Checking In With... Kilamanzego - WXPN
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In times of crisis, it’s more important than ever to check in on your friends and loved ones. Here at XPN, we’re Checking In With our extended musical family to see how they’re holding up during the Coronavirus quarantine…and what music has kept them grounded. Today, John Vettese chats with Kilamanzego.

Our Checking In series was conceived this spring as a way for us to see how some of our favorite artists were holding up during the public health crisis. Today’s installment is the first one we’ve recorded since another turbulent happening: national public unrest in response the death of George Floyd, who was killed last month by Minneapolis police.

When I caught up with Philadelphia musician, beatmaker, and producer Kilamanzego, she told me she was mostly doing well, but undeniably shocked. Not shocked by the issues of racism surrounding the protests — that’s something that Black people have been talking about for literally hundreds of years, and everybody else is finally beginning to listen. What shocked Kilamanzego was the local dimension of the protests, particularly its aftermath, with curfews imposed on Philly residents and loud, mysterious explosions overnight reminiscent of LRADs (Long Range Acoustic Devices). “It’s like military psycological warfare,” she said, noting that there have been many sleepless nights these past week and a half.

In the midst of all of this, Kilamanzego has been able to find some creative focus. She released a new track called “Black Weirdo” last week, her first piece of music written intra-COVID (and her first to feature her rapping). Tonight, she takes part in No Justice, No Beats, a collaborative project with three other Black producers from around the country. First, everyone pitched in their own isolated recordings to make a sample pack for the group, and then everybody had 24 hours to take those samples and flip them into their own new song.

Kilamanzego says she’s never made a beat in 24 hours before, but she was excited by the challenge, as well as the prospect of teaming up with the other three artists: Dallas beatmaker Caption, Los Angeles’ More Kismet, and Chicago’s Jovan Landry. It happens on the Bad Snacks Twitch channel at 8:30 p.m. ET tonight, and in addition to the musical component, the producers will be checking in with one another, chatting about current events, and encouraging viewers to donate to National Bail Out.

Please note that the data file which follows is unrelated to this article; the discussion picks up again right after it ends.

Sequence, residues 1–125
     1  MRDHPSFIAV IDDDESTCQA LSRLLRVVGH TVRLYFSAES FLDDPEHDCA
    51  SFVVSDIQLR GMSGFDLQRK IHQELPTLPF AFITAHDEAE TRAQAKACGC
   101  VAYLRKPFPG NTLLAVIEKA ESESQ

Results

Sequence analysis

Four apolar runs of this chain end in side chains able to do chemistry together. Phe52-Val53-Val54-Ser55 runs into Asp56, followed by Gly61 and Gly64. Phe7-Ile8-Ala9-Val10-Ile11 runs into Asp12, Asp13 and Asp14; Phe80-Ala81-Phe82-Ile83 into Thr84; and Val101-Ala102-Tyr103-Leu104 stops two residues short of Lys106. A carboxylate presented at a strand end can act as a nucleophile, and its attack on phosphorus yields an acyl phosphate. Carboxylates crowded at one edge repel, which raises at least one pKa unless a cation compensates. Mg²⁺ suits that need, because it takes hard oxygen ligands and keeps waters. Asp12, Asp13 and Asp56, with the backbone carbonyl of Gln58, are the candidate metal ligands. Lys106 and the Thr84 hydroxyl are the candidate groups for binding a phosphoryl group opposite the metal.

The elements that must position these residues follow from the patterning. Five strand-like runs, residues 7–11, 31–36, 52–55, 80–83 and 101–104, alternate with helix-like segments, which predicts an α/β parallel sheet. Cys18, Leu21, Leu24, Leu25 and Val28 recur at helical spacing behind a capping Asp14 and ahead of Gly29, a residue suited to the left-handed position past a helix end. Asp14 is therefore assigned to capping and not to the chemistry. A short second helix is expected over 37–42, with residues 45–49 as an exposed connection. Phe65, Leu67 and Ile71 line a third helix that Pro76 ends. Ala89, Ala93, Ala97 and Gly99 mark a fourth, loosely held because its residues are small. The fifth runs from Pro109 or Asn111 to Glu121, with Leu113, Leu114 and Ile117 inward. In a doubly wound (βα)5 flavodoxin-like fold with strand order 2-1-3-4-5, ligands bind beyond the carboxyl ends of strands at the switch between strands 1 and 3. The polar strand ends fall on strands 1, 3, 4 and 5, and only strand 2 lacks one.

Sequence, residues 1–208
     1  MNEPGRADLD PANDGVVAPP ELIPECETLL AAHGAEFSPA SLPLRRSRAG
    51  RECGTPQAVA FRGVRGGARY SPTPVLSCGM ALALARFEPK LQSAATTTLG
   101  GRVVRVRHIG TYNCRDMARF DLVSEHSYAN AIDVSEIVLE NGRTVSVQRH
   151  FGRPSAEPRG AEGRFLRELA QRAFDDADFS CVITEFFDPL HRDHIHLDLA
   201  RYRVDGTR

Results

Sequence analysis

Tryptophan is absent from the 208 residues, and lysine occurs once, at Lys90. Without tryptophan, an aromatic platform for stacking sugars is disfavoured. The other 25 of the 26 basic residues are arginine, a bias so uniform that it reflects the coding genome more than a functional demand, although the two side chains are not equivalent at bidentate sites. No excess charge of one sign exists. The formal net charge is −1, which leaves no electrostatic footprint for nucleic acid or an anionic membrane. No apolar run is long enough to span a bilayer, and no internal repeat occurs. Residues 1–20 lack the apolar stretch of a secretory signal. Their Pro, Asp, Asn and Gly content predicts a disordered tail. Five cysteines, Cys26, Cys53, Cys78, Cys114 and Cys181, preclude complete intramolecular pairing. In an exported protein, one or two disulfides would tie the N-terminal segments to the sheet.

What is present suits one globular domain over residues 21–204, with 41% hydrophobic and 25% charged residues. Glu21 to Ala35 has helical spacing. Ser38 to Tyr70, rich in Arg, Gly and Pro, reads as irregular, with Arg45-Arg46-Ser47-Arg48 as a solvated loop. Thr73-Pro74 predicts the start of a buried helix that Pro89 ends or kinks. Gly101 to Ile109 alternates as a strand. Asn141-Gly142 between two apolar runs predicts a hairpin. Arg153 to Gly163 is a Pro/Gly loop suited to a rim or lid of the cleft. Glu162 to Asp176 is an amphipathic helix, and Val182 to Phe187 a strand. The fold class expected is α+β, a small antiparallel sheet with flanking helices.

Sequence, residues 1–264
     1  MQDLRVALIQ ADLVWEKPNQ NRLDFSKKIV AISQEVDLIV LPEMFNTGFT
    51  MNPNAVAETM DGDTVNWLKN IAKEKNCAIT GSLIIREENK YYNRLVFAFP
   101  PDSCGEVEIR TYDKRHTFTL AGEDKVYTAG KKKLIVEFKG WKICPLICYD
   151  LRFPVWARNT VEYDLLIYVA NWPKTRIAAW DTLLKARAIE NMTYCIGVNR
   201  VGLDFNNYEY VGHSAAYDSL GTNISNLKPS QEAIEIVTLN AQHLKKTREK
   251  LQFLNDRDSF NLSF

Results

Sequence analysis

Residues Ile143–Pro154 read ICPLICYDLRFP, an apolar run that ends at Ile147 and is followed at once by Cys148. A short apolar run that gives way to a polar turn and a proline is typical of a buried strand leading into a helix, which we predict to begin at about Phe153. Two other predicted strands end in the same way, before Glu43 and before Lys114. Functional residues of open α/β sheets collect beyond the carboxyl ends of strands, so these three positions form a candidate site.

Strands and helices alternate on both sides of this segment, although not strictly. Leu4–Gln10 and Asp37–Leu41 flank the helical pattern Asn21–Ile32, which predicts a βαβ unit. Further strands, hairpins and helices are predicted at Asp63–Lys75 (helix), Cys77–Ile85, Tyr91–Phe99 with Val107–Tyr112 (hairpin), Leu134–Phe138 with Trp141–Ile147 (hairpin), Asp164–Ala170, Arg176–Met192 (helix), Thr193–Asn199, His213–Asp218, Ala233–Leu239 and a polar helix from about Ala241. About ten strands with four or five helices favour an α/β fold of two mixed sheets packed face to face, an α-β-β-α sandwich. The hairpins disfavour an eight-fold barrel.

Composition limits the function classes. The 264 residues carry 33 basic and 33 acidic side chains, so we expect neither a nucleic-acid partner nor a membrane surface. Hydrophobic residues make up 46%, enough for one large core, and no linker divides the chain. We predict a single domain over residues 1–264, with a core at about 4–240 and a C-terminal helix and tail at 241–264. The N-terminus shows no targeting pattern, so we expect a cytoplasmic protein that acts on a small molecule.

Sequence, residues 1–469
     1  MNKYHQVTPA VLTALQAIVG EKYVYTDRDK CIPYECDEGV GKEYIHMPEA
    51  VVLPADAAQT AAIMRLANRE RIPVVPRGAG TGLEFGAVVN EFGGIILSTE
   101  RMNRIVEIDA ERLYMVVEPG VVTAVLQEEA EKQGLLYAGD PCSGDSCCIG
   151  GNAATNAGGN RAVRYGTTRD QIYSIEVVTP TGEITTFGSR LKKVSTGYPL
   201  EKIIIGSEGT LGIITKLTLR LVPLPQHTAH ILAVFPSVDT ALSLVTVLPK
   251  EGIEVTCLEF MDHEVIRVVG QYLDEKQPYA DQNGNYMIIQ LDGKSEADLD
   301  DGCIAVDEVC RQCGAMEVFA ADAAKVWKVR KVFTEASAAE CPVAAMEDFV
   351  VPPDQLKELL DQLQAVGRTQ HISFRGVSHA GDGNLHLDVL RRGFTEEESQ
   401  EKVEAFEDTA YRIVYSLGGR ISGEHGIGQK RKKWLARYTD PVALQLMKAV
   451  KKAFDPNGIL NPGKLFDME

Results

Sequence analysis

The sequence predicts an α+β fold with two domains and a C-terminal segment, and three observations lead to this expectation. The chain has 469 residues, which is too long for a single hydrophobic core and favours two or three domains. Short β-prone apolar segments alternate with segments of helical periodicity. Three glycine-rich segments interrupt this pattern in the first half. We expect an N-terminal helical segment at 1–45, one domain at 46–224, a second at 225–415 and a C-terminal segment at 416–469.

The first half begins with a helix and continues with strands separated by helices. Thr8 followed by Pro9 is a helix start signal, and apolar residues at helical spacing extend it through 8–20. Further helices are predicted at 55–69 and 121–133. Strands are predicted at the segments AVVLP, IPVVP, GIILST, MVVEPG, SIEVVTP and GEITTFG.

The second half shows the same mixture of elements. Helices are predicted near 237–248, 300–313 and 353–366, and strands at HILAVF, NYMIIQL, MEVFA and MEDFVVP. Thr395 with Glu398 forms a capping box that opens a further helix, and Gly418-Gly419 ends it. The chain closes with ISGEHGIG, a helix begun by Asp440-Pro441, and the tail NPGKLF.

“This first one’s going to be sort of a test run,” says Kilamanzego. “But if it does well, we can do more as a series, and potentially invite bigger artists like producers from Brainfeeder and elsewhere.”

Listen to our full conversation with Kilamanzego below, and check out her Checking in musical picks.

Checking In With Kilamanzego

Favorite Song of All Time: “Let’s Stay Together” by Al Green

“Al Green is just, you know…the melodies are really amazing in the song, he’s just very up front about how he feels in relationships, and the first time I heard it, it just really struck a chord with me.”

Song that Raises Your Spirits: “Killa Catz” by Kaytranada

“He’s a big inspiration of mine. There’s really no song of his that I dislike, and the song itself is very bouncy, it has trap mixed in, it has a great hip-hop feel. It gets you moving. Without him, I wouldn’t have started making beats.”

Song You’re Most Proud of Working On: “Black Weirdo” by Kilamanzego

“It’s a song that I started working on before the protests, while COVID was already happening, and I built the framework at that point. And then as the protests were popping off with BLM, I pretty much completed the song. It focuses on me and who I am. I’ve always been a weird kid, I grew up in the Bronx and didn’t really follow…there’s just like a style, or mannerisms that a lot of Black people had growing up when I was there, and I just kind of fell outside of that. It was a way for me to use my voice. It’s me rapping for the first time, and people were really digging the song, it did well on Bandcamp. I couldn’t have asked for a better response.”

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